The EEOC recently issued guidance for employees on the legal use of opioids (to view, click here). The guidance is useful not only for dealing with employee opioid use but the use of any legal drug, including cannabis. Here are some important takeaways from the EEOC’s guidance:
An Employee Can Be Fired for Using Opioids, or Any Drug, Illegally.
- It is not a violation of the Americans with Disabilities Act (ADA) or any other law to fire an employee for using illegal drugs. While it is against the law in Illinois to fire an employee for using a legal drug or substance outside of work, this does not apply to illegal drugs.
An Employee Cannot Be Fired Solely for Using Opioids, or Any Drug, Legally.
- If an employee has a prescription for a drug and uses it according to the doctor’s orders, it is likely a violation of the ADA to discipline the employee solely for using the drug. And as discussed above, it is a violation of the Right to Privacy in the Workplace Act to discipline an employee for using a drug legally outside of work.
- If an employee’s use of a drug interferes with his or her work performance, then the employee can probably be disciplined. Before doing that, an employer should attempt to give the employee accommodation and figure out a way for the employee to do his or her job while also taking the medication.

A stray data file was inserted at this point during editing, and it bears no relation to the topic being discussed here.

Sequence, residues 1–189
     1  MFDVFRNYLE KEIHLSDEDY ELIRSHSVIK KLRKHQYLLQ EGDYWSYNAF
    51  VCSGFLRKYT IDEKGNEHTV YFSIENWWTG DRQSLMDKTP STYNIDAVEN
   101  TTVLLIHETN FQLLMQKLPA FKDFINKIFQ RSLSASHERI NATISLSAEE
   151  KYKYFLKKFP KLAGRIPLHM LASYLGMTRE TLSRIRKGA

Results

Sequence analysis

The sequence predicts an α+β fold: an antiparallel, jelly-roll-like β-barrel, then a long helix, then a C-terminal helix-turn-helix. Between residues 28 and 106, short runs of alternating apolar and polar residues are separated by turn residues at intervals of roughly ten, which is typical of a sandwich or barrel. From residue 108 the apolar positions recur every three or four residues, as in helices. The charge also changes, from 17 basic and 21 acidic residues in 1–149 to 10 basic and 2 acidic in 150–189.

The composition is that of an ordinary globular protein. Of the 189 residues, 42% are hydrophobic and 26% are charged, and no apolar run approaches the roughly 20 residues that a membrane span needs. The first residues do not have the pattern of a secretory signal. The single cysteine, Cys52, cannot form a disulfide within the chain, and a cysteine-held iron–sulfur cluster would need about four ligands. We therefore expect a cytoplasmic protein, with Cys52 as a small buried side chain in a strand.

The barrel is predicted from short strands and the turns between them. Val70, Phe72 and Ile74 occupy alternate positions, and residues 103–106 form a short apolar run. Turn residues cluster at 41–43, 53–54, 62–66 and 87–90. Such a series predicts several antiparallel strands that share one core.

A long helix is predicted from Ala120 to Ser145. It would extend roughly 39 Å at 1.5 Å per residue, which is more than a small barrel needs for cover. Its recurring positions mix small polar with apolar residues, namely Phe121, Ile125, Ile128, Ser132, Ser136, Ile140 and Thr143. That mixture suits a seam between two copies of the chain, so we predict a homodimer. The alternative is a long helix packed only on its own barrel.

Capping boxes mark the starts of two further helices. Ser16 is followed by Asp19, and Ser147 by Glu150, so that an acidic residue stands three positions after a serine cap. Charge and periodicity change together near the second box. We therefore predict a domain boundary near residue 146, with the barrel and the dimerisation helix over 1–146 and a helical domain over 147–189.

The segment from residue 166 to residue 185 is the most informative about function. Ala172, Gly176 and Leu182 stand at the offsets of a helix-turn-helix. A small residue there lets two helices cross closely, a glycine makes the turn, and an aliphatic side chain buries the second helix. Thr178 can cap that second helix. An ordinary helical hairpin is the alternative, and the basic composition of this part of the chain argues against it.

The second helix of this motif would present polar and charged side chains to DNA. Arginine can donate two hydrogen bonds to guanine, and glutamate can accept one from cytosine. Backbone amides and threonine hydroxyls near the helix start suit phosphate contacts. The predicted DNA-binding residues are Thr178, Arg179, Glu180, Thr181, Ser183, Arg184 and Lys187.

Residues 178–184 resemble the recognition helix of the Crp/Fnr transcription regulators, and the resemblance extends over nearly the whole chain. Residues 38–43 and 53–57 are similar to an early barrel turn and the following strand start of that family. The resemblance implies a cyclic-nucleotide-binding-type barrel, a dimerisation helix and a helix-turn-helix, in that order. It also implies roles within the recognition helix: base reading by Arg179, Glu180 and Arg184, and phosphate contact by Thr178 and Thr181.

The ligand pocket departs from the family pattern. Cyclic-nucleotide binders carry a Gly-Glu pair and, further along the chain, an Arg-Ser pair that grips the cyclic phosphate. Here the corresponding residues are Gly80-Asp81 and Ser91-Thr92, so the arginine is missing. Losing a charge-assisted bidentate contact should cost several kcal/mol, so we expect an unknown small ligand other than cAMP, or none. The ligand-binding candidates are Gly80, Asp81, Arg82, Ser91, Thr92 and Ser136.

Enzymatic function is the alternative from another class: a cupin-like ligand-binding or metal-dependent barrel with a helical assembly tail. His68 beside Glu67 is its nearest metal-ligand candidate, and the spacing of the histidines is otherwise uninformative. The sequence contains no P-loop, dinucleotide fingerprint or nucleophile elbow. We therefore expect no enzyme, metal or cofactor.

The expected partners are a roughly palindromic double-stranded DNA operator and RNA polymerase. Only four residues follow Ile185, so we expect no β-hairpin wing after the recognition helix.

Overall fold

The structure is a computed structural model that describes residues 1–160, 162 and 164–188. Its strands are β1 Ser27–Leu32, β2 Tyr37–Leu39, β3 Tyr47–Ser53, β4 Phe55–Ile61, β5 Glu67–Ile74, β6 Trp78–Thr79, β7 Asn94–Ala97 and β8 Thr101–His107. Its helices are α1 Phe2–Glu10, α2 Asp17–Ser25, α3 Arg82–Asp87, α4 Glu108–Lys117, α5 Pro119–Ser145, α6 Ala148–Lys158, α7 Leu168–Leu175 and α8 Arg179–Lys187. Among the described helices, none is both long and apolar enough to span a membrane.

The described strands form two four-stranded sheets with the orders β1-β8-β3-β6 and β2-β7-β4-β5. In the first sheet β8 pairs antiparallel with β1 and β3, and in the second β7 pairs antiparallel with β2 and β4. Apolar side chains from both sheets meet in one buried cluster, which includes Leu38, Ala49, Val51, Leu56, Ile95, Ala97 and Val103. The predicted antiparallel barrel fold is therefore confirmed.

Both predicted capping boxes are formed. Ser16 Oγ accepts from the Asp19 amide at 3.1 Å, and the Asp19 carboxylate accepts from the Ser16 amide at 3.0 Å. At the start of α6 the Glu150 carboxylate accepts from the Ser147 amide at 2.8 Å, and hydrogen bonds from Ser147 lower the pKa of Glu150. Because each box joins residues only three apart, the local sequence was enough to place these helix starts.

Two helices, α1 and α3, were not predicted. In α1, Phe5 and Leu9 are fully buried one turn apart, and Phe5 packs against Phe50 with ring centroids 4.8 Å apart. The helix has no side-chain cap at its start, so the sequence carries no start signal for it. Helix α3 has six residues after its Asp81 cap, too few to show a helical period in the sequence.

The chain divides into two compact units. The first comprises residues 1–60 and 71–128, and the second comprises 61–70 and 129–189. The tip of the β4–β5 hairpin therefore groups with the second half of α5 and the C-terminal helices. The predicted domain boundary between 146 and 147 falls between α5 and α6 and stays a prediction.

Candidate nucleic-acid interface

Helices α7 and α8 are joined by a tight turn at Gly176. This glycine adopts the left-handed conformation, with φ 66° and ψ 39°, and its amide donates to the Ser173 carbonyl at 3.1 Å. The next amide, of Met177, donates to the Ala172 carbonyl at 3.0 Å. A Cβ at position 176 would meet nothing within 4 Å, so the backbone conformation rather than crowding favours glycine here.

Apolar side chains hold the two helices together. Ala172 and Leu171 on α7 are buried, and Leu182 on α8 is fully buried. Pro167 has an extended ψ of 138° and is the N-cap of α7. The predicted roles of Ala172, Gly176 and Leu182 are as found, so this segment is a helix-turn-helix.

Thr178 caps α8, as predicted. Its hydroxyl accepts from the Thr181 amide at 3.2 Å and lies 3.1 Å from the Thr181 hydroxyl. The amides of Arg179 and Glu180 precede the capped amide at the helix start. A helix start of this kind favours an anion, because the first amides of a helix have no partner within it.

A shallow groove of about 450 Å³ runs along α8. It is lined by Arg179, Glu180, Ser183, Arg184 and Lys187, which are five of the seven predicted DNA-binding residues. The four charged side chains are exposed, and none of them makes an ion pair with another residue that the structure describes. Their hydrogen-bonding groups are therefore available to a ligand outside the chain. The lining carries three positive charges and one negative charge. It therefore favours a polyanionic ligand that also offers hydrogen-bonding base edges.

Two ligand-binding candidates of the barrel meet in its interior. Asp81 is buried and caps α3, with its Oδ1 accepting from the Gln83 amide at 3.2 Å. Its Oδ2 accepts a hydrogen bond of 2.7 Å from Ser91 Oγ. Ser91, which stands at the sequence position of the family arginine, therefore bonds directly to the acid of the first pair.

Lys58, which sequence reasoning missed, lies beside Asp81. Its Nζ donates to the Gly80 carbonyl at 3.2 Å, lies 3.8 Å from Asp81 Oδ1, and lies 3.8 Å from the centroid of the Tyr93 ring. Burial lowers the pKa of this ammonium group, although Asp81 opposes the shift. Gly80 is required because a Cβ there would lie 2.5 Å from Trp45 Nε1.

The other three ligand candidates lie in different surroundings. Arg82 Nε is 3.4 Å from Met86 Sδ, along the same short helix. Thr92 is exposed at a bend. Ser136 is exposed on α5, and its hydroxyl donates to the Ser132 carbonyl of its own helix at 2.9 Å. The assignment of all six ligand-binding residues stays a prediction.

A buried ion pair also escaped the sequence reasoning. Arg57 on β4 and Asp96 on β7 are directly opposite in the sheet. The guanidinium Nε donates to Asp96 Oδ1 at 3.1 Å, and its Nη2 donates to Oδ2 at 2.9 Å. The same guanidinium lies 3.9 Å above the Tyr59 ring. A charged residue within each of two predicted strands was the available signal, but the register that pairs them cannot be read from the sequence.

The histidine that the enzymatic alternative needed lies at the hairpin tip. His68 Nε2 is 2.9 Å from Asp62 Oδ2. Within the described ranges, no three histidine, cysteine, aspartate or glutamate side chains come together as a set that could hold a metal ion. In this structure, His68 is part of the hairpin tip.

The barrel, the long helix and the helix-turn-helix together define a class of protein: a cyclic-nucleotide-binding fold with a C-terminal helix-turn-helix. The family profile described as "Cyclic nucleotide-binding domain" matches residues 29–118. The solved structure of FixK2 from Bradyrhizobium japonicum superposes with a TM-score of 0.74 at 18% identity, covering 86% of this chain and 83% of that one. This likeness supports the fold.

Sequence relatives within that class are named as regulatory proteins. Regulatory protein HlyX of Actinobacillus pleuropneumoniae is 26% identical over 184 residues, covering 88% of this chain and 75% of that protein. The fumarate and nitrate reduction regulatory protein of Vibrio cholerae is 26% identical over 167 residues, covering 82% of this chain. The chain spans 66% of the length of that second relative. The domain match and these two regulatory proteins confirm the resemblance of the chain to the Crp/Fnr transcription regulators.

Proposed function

- One important thing that the EEOC notes in its guidance: “an employer never has to lower production or performance standards, eliminate essential functions (fundamental duties) of a job, pay for work that is not performed, or excuse illegal drug use on the job as a reasonable accommodation.”
An Employee Addicted to Opioids or Other Legal Drugs Should Be Given an Accommodation to Treat the Addiction.
- Opioid addiction, commonly referred to as opioid use disorder, is a disability covered by the ADA. An employee cannot be fired solely due to opioid addiction. An employer needs to allow an employee to get treatment for the opioid addition before imposing discipline. This also applies to employees who are not addicted to opioids, but have been in the past and need treatment to avoid relapses. Also, if an employee develops a medical condition due to opioid addiction, this too entitles the employee to reasonable accommodation.
An Employer Should Allow an Employee to Provide an Explanation About a Positive Drug Test Before Taking Action.
- Again, it is a violation of the ADA to discipline an employee solely for taking a drug he or she has been prescribed. Therefore, employers should ask an employee for an explanation of why the employee tested positive for the opioid or other legal drugs before taking action against the employee.
Follow Our Advice When Responding to an EEOC Charge of Discrimination.